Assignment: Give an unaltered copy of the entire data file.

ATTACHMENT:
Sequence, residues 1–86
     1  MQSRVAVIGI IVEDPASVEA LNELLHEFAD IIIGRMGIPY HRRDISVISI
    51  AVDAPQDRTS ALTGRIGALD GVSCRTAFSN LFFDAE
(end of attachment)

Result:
Sequence, residues 1–86
     1  MQSRVAVIGI IVEDPASVEA LNELLHEFAD IIIGRMGIPY HRRDISVISI
    51  AVDAPQDRTS ALTGRIGALD GVSCRTAFSN LFFDAE